Scopophobia

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Petrus Janet, unus ex patribus psychologiae.

Scopophobia[1] (Graece σκοπέω 'aspicio, intueror, scrutaror' + φόβος 'timor'), sive ophthalmophobia (Graece ὀφθαλμός 'oculus' + φόβος 'timor'), est morbus anxietatis cuius proprietas est timor morbidus ne alii aegrum videant vel intueantur.[2]

Historia[recensere | fontem recensere]

Medici antiquitatis classicae phobias sciebant; notio quidem phobiarum socialium circa 400 a.C.n. commemorata est. Hippocrates ipse descripsit aegrum scopophobiá laborantem, hominem nimis verecundum, qui "tam tenebras quam lumen amat" et "putat omnem virum eum observare."[3]

Phobie sociale ('timor socialis'), vocabulum Francicum, anno 1903 excogitatum est a Petro Janet, psychiatro Francico, qui hoc vocabulo utebatur ad aegros describendos qui timorem ne videantur exhibebant cum agitationibus quotidianis interessent, sicut scribendo, legendo, loquendo, clavili ludendo.[4] The Alienist and Neurologist, periodicum psychiatricum, anno 1906 scopophobiam sic descripsit:[5]

Homini est timor ne videatur et verecundia quae in asylis videtur . . . quem appellabamus scopophobiam—timorem morbidum ne videatur. Gradu minore, verecundia morbida est, et aeger faciem manibus tegit; gradu maiore, aeger hospitem evadet et ex eius conspectu effuget ubi fieri potest. Scopophobia plus inter mulieres quam inter viros saepius patefit.[6]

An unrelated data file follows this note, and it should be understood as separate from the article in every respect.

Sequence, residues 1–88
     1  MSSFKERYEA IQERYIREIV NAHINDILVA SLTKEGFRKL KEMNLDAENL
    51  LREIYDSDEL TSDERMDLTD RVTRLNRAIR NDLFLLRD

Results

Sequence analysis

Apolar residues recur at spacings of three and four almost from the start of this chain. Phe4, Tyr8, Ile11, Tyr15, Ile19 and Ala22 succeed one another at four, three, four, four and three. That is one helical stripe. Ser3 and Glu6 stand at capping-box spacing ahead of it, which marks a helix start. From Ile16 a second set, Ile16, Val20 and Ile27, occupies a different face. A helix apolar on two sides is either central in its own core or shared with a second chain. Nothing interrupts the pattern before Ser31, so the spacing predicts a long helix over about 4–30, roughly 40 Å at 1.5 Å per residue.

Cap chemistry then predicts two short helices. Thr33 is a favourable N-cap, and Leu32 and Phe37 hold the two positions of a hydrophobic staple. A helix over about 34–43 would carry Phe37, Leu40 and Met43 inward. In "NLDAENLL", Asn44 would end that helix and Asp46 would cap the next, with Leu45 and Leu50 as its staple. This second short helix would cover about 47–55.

Idem commentarius scopophobiam definit: "timor ne homines videant nec videantur, praecipue de faciebus inusitatis."[7][8]

Nexus interni

Notae[recensere | fontem recensere]

  1. Etiam scoptophobia.
  2. "Scopophobia," The Free Medical Dictionary (2012).
  3. Cuncic, Alan. "A Brief History of Social Anxiety Disorder". About.com 
  4. Heckleman et Schneierer 1995.
  5. Hughes 1906: 165.
  6. Anglice "There is a fear of being seen and a shamefacedness, which one sees in asylums. . . . We called it scopophobia—a morbid dread of being seen. In minor degree, it is morbid shamefacedness, and the patient covers the face with his or her hands. In greater degree, the patient will shun the visitor and escape from his or her sight where this is possible. Scopophobia is more often manifest among women than among men."
  7. Anglice "a fear of seeing people or being seen, especially of strange faces."
  8. Hughes 1906: 285.

Bibliographia[recensere | fontem recensere]

  • Hart, Moss. 1941. Lady in the Dark. Novi Eboraci.
  • Heckleman, Leora R., et Franklin S. Schneierer. 1995. Social Phobia Diagnosis, Assessment, Treatment.
  • Ho, Louis. 2013. "The non-affirmative, Jason Wee, photography, scopophobia." In Reflect/refract, ed. Charmaine Toh et Cyril Wong. Singapurae: Objectifs. ISBN 9789810757304.
  • Hughes, Charles Hamilton, ed. 1906. The Alienist and Neurologist.
  • Smajic, Srdjan. 2010. "Scopophilia and scopophobia: Poe's readerly flâneur." In Ghost-seers, detectives, and spiritualists: theories of vision in Victorian literature and science, capitulum 6. Novi Eboraci: Cambridge University Press. ISBN 9780521191883.